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Report: Rural America Produces Greenhouse Gasses on Behalf of Urban and Suburban Areas Some folks say rural voters benefit from the small-state bias, but a closer look at the data tells another story.

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Above image credit: Evergy's coal-burning Lawrence Energy Center. (Brian Grimmett | Kansas News Service)
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2 minute read

A new report shows that at least 36% of annual greenhouse gas emissions in the United States come from rural America, but they’re mostly used to produce energy and food for urban and suburban America. 

And while rural communities – particularly low-income and rural communities of color – are exposed to a disproportionate amount of greenhouse gas emissions, they’re not receiving the federal investments to decrease these emissions. 

“If we really want to meaningfully reduce emissions, [we need to invest] in efforts that are rural to reduce the emissions that are connected to that consumption,” said Maria Doerr,  lead author of the report and program officer for the Rural Climate Partnership, in an interview with the Daily Yonder. “Rural America is the source of these emissions, but they are not the ones driving the demand that creates these emissions.”

The report was produced by the Rural Climate Partnership, a project of the nonprofit rural advocacy group the Heartland Fund. Using data from the U.S. Environmental Protection Agency (EPA), they found that energy production and agriculture are the leading sources of greenhouse gas emissions in rural America. Industry like natural gas, petroleum, and cement manufacturing was the third leading source, and transportation and residential energy uses were the fourth and fifth, respectively.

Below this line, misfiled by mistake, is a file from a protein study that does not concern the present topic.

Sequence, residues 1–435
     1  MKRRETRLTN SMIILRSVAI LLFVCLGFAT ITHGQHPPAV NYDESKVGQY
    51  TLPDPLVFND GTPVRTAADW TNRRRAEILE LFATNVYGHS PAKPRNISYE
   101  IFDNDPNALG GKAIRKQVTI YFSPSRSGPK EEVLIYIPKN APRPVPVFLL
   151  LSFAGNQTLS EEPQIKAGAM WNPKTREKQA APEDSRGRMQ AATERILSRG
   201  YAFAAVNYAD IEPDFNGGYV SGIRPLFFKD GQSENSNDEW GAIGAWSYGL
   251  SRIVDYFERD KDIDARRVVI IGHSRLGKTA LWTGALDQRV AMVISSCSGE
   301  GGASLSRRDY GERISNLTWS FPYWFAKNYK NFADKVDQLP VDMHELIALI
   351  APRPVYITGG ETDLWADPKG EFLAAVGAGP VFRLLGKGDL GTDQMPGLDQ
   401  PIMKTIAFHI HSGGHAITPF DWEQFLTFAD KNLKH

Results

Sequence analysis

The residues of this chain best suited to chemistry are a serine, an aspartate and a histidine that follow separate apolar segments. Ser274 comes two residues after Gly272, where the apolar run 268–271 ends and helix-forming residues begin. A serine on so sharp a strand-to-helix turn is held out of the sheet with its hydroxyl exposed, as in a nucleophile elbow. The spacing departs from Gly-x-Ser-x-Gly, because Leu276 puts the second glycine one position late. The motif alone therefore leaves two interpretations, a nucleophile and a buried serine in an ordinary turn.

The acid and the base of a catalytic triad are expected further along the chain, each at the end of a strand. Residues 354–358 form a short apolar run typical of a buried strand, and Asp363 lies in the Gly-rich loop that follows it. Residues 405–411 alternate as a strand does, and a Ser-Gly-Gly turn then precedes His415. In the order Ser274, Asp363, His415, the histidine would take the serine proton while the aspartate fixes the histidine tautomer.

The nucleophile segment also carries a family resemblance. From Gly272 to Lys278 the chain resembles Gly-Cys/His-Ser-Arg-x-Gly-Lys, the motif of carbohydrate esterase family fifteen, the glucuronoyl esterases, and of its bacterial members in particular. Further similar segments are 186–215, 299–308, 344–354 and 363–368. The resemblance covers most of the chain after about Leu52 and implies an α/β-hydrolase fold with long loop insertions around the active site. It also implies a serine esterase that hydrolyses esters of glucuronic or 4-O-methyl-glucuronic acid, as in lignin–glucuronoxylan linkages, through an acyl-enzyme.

Doerr said that the emissions produced by power plants are a particularly potent source of greenhouse gas emissions, and nearly half of those emissions are produced by rural power plants. “That energy is being shipped out to the cities and suburbs,” Doerr said.

While the rest of America benefits from this power, rural communities are exposed to the toxic air pollutants from this power’s production. And these effects aren’t felt equally. 

Approximately 37% of rural residents within a three-mile radius of rural combustion plants are low-income, and 29% of residents within that radius are Black, Indigenous, or people of color, according to the report. Long-term exposure to these pollutants can lead to respiratory and cardiovascular problems, immune system damage, and cancer, according to the EPA

The federal government has passed legislation to reduce greenhouse gas emissions to combat climate change, but very little has been earmarked for rural America. 

Of the combined total appropriations from three major climate laws – the Inflation Reduction Act, the CHIPS & Science Act, and the Infrastructure Investment and Jobs Act – only 2.3% of the funding is earmarked exclusively for rural communities, according to an analysis from the Brookings Institute. About 20% of the funding is rural-stipulated. 

Rural America should be prioritized for this funding because it’s at the center of some of the most carbon-intensive industries, according to the Rural Climate Partnership.

“In the vast expanse of rural and small-town America, there is a story that has been largely untold, one of significant emissions reduction potential shadowed by systematic underinvestment,” wrote Doerr in the report. 

Doerr said they hope this report encourages legislators to rethink rural America’s role in climate solutions. 

“I hope that this report can help start some powerful conversations about…how we support, uplift, and invest in rural America and rural-based climate solutions,” Doerr said. 

Claire Carlson reports for The Daily Yonder, which provides news, commentary, and analysis about and for rural America. This article first appeared on The Daily Yonder and is republished here under a Creative Commons license.

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